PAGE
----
Chances are, you’ve been a project manager all your life. Whenever you’re accomplishing something that requires more than one step, you’re managing a project. As an entrepreneur, you are the project manager for both your business and your life. What tools are you using to help yourself succeed?
One of the tools that has had the greatest impact on my success has been a Kanban board. Here’s why it can help your business, what it is, and the basics of creating one.
To begin with, think of attention like a commodity. Whether you’re selling your business to clients, investors, potential employees, or yourself, you want to deliver your strongest message right away. Making it visual is a powerful way to tell your story. Would you rather read a lengthy post or a professional image? Think of a Kanban board like creating a professional visualization of your business processes. You’ll grab people’s attentions (including your own), and you’ll keep it, because you’re getting to the core of your business without inundating with details.
Prior to launching my own businesses in writing and the music industry, I spent a decade working in IT departments where I learned and certified in Agile methodologies. When I left that career, I launched into solo project work as an entrepreneur. I worked with and for others, but it wasn’t in the same context. As a former Certified Scrum Master, I considered myself an expert in Agile methodologies and they worked very well for software development teams. As much as I wanted Scrum to organize everything in my new career, it wasn’t the best match.
That was when this Scrum Master dabbled in another Agile methodology and grabbed onto Kanban.
Kanban is a Japanese term that means “visual signal” or “card”. Is roots come from the way Toyota managed production lines. Their process was merged with ideas from varying thought leaders, creating today’s project management methodology. It’s often referred to as a “just in time” method. For an entrepreneur, its values are its visual organization, its resource limitations, and its flexibility.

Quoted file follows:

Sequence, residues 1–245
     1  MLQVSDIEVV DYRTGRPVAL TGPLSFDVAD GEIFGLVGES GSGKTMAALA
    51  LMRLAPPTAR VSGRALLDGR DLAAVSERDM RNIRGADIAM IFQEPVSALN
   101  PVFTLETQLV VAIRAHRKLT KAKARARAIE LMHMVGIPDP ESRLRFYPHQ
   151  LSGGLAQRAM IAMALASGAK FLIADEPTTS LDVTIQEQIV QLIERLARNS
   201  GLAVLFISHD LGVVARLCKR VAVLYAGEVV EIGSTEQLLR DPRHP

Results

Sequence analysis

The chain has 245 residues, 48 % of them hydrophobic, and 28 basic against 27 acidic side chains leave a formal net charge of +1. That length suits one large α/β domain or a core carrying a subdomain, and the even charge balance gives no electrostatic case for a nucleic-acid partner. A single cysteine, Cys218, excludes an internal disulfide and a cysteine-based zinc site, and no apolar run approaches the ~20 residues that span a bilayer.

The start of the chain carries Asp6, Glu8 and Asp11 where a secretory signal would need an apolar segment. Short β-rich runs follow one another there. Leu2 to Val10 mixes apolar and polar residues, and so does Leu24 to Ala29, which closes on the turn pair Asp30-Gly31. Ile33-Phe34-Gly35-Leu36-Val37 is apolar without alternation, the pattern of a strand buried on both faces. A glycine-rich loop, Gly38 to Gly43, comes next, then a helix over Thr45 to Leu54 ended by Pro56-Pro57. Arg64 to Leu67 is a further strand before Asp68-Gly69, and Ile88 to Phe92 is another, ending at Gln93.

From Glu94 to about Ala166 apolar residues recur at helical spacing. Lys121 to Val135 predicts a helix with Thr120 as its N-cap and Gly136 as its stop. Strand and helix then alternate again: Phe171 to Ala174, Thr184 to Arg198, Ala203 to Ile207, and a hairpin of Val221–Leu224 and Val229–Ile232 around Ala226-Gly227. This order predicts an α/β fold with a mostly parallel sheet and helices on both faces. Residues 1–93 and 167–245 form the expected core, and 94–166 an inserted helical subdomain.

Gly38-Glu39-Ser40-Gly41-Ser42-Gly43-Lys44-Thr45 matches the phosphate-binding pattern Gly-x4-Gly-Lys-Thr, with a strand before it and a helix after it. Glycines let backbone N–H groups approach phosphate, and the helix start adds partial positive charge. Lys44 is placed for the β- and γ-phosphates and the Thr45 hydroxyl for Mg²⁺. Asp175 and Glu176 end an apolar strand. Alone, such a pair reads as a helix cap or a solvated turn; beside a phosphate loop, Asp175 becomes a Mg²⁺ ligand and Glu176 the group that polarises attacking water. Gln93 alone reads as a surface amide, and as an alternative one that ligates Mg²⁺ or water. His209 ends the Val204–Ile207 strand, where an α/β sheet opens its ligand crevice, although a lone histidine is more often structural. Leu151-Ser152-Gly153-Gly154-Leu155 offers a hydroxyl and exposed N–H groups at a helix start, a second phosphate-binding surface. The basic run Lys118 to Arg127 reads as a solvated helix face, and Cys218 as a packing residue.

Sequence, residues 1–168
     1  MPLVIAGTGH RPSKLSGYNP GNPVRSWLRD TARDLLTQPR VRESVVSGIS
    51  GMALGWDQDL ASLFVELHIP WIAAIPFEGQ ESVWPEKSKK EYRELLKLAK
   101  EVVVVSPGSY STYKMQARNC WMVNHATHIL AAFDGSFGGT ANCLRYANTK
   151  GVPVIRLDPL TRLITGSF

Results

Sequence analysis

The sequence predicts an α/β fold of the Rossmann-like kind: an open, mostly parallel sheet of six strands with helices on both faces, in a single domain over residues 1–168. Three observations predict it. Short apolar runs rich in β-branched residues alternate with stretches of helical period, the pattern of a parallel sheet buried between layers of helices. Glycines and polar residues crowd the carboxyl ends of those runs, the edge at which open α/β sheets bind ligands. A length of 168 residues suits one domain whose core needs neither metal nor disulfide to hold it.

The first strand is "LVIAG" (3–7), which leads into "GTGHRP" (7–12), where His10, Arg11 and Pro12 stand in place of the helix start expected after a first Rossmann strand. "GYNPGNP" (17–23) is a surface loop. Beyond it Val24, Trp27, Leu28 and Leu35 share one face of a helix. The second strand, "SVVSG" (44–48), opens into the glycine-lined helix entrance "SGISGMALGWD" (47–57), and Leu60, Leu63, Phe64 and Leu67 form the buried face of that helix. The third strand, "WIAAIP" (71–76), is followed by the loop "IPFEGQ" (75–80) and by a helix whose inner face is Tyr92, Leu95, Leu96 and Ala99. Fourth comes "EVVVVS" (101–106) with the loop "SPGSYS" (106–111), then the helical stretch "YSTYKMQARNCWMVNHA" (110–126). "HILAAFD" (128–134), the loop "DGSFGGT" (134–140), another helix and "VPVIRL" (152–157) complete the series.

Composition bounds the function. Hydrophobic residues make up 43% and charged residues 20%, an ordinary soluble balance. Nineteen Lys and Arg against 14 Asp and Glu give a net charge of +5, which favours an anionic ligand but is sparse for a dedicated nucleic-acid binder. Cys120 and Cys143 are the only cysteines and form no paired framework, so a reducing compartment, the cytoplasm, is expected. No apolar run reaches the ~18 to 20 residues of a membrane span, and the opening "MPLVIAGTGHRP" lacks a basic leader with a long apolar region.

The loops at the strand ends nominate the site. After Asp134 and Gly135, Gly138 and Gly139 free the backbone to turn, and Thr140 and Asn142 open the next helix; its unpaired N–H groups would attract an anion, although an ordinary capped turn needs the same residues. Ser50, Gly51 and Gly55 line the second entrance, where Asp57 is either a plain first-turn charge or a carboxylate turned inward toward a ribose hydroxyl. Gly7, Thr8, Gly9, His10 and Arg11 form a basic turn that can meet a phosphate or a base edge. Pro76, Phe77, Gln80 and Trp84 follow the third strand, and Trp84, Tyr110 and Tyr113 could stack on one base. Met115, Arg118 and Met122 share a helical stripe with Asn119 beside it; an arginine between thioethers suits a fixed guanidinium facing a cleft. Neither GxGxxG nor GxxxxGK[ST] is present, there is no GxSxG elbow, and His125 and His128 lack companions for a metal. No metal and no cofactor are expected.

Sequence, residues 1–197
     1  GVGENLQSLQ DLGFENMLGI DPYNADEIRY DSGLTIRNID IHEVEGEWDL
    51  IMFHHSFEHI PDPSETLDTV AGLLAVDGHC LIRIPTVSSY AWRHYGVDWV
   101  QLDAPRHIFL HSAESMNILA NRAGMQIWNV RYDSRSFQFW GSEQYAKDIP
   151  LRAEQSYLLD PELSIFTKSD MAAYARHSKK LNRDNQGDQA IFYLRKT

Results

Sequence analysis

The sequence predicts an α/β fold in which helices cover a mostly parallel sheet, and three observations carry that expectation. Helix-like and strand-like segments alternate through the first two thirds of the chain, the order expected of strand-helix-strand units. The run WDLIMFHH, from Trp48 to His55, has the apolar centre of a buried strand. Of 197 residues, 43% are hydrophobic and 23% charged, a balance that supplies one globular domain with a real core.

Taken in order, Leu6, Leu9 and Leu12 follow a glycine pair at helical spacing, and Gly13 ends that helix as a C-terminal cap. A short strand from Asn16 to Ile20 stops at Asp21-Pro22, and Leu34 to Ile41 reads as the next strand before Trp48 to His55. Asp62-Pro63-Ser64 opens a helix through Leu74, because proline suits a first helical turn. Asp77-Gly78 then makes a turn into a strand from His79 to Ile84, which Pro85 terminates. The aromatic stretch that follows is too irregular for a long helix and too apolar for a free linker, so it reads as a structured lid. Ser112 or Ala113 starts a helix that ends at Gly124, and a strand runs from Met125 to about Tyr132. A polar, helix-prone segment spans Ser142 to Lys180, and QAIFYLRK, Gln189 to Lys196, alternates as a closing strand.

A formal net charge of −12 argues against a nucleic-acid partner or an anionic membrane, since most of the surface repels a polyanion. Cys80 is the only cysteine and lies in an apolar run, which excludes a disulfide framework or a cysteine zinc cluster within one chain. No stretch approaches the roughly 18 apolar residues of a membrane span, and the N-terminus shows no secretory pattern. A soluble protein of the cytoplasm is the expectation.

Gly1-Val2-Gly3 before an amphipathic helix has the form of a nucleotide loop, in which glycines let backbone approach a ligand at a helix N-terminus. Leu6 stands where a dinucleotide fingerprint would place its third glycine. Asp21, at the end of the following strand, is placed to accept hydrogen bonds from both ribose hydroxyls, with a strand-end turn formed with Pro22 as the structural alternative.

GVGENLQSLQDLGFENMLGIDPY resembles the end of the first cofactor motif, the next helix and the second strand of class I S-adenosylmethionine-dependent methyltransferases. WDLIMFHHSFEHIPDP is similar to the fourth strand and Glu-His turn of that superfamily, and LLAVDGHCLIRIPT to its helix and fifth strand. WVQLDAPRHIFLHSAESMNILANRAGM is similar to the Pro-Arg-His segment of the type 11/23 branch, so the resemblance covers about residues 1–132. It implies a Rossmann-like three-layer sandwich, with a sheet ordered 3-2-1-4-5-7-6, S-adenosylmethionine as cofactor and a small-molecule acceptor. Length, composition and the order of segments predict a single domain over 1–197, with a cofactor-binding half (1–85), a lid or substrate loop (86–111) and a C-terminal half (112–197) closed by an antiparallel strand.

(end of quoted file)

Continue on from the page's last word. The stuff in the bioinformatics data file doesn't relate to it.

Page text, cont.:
One of its tools is the task board, or ‘Kanban’ board.
- What it isn’t: it’s not complex; it’s not minute in detail; it’s not a one-size-fits-all template; and it’s not set in stone.
- What it is: it’s a visual representation of work as it progresses, from left to right; it’s organized by columns, representing a stage of the process; in its simplest form, it’s a set of cards, representing tasks, and it displays what state they are in.
An example of the most basic board would be made up of three columns: to do; doing; and done. The “doing” column would be narrow, a visual representation of limiting that column. You are only allowed to have a specific number of cards/tasks in progress at once. This limitation rule is a big deal for me. My personality is a “starter.” I get really excited about new ideas and jump in with a lot of energy. Then, when things get messy and I’m in the middle of the hard stuff, I am easily distracted by other shiny, new things. The requirement of completing my work before moving on keeps me focused and on-task better.